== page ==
Human Rights

Radio rage in India

It is 8 am in Anugondanahalli village about 70 kms from India's IT hub of Bengaluru, capital of the southern Indian state of Karnataka. A group of farmers are huddled around a radio set sipping hot tea and tuned in to Sarathi Jhalak, a local community radio station (CRS) broadcasting on FM 90.4. On air is a programme about climate change that has everybody hooked. Experts are sharing simple tips on how farmers can pro-actively minimise the impact of erratic weather on their crops.

Attacks on Medical Workers in War Zones under Fire

The growing number of indiscriminate bombings in three of the most devastating military conflicts currently underway -– in Syria, Afghanistan and Yemen – are taking a heavy toll on medical personnel serving with humanitarian organizations — along with thousands of civilians caught in the crossfire between government forces and rebel groups.

Rise of Middle Class Undermined in East Europe & Central Asia

The UN’s post-2015 development agenda, which was adopted by world leaders at a summit meeting last September, includes a highly ambitious goal: the eradication of extreme poverty by the year 2030.The decline in poverty, as reflected in the UN’s Millennium Development Goals (MDGs) which ended last December, had one positive fallout: the rise of a new middle class graduating largely from the ranks of the poor.

The New Normal in Fata

A military operation by Pakistan’s army has been proving fatal for Taliban militants who held sway over vast swathes of the Federally Administered Tribal Areas (Fata) for over a decade. They crossed over the border from Afghanistan and took refuge in Fata after their government was toppled by US-led forces towards the end of 2001. After a few years, when they got a toe-hold in the region, they extended their wings to all seven districts of Fata. Not any more.

UN Chief Focuses on World’s First Humanitarian Summit

As the global humanitarian crisis continues to devastate civilian lives in conflict zones, UN Secretary-General Ban Ki-moon appealed to the international community to ensure “no-one in conflict, no-one in chronic poverty, and no-one living with the risk of natural hazards and rising sea levels, is left behind.”

Kidneys Going Cheap in Poor Estate Community

One and half years ago, Johnson, a 20- something youth, hailing from Sri Lanka’s tea plantations, received an unusual request. The caller, someone Johnson knew casually, made an offer for his kidney. “It was for a half a million rupees (around US $3,500),” he said.

CTBTO’s Verification System Thwarts Nuclear Tests

The Vienna-based Comprehensive Nuclear-Test-Ban Treaty Organization (CTBTO) – a 24-hour international watchdog body – is known never to miss a beat.The Organization’s international monitoring and verification system has been tracking all nuclear explosions -– in the atmosphere, underwater and underground –- including all four nuclear tests by the Democratic Republic of Korea (DPRK) – the only country in the world to test nuclear weapons in the 21st century.

Violence Is a Preventable Disease

The World Health Organization has said that ‘Violence is a preventable disease’ and people are not born violent, rather we all live in cultures of violence. This can be changed through nonviolent peacemaking and the persuit of ‘just peace’ and nurturing of cultures of peace.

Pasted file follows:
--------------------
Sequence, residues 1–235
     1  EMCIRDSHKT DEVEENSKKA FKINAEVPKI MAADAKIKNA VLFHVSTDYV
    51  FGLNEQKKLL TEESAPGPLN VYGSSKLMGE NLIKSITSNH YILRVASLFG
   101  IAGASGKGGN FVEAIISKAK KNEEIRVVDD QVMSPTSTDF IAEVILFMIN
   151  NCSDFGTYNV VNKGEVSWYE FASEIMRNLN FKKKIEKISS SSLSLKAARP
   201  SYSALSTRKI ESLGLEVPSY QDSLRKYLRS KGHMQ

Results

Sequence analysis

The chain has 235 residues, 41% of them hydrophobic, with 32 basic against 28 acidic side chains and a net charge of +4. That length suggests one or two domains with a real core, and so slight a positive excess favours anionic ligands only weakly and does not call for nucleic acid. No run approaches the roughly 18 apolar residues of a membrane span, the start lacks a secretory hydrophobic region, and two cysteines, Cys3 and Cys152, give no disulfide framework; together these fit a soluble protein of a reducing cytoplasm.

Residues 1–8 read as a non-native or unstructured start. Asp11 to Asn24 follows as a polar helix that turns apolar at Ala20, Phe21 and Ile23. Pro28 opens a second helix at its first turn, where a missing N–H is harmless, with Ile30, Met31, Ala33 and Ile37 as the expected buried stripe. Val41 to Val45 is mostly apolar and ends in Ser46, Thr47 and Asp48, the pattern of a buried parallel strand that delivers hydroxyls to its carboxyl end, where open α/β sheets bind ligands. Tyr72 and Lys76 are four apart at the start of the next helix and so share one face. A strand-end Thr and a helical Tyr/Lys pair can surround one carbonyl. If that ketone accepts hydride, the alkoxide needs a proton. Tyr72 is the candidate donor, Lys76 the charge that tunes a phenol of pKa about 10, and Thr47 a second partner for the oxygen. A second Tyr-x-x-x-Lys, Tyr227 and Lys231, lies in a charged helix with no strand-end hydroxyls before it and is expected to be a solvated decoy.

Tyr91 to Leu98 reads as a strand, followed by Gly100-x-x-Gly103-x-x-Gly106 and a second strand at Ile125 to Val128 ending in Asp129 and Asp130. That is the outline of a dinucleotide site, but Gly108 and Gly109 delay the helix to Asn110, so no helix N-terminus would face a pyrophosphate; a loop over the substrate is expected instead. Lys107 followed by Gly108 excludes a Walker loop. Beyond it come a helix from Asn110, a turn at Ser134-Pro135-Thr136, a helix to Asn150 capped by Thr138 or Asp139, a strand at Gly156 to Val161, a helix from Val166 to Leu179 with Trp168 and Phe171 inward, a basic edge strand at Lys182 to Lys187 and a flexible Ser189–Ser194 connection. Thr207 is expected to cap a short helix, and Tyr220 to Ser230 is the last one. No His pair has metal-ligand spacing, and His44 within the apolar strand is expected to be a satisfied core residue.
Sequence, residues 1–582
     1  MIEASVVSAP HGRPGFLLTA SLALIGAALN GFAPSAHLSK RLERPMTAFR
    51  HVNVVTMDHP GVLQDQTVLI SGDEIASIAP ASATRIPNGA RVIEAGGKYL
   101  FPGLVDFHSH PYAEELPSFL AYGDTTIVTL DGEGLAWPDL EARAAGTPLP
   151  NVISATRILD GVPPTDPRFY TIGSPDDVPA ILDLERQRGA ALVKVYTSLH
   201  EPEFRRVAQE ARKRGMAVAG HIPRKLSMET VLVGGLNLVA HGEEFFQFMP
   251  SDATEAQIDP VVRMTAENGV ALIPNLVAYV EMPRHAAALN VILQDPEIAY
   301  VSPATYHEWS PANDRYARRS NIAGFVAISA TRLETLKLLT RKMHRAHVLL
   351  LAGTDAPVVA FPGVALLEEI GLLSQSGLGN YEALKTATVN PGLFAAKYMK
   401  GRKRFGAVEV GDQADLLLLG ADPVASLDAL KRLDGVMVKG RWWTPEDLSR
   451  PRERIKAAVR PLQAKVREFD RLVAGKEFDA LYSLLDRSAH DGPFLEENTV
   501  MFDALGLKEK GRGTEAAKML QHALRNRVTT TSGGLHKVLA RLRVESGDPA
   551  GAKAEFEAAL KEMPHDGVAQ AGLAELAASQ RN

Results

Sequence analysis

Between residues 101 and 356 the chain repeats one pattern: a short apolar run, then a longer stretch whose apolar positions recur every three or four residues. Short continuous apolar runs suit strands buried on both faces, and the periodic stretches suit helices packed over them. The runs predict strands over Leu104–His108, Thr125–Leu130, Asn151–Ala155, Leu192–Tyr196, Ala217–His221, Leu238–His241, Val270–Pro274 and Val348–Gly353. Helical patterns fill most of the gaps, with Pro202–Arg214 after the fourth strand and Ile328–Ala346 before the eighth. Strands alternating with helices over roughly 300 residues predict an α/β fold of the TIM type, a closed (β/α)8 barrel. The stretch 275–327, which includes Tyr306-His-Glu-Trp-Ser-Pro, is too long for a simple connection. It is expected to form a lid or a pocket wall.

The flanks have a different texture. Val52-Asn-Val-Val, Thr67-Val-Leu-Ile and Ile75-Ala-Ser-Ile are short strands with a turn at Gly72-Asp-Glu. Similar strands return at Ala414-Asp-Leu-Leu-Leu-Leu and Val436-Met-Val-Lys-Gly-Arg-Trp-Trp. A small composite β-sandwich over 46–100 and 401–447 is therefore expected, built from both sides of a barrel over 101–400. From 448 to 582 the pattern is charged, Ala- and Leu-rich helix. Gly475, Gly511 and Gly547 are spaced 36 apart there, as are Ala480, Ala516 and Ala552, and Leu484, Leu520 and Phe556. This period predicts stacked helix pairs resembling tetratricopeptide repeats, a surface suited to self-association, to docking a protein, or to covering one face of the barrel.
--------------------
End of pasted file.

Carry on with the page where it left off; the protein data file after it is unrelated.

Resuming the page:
UN Seeks Zero Tolerance for Female Genital Mutilation

The United Nations says it is determined to end female genital mutilation (FGM) – a ritual practiced mostly in Africa, the Middle East, parts of Asia and even among some migrant communities in Europe.And the world body’s determination is being backed with facts, figures -- and a global campaign by a Joint Programme against FGM initiated by the UN Population Fund (UNFPA) and the UN children’s agency UNICEF.

Women and Girls Imperative to Science & Technology Agenda

Can you imagine an entire day without access to your mobile phone, laptop, or even to the internet? In our rapidly changing world, could you function without having technology at your fingertips?

Dying for the News: Media Call for Help from Gov’t and Public against Attacks

“No story is worth dying for.” This comment at a landmark conference on media safety at UNESCO last Friday emphasised the bewilderment the media felt at the brutal slayings of journalists as they carry out their work.

Extremism Threatens Press Freedom

Pakistan continues to remain one of the most dangerous countries for journalists, where frequent attempts to restrict press freedom are commonplace and challenges to expanding media diversity and access to information abound.

Press Crackdown Is Likely to Worsen

On October 2015, the day that Ugandan journalist Enoch Matovu, 25, was allegedly shot by the police for simply “doing my job”, the police had “run out of tear gas”, he claimed.

Women of Haitian Descent Bear the Brunt of Dominican Migration Policy

A middle-aged woman arranges bouquets of yellow roses in a street market in Little Haiti, a slum neighbourhood in the capital of the Dominican Republic. “I don’t want to talk, don’t take photos,” she tells IPS, standing next to a little girl who appears to be her daughter.

“A Fair Day’s Wage for a Fair Day’s Work?”

“During the first months in Italy, I always prayed for rain. I spent hours checking the weather forecast” said Roni, a 26 year old graduate from a middle-income family in Bangladesh. His father, a public servant and his mother a home maker, Roni had to sell umbrellas on the streets of Rome for more than a year before finding a summer job by the sea at a coffee shop, popularly known as a ‘bar’ in Italy.

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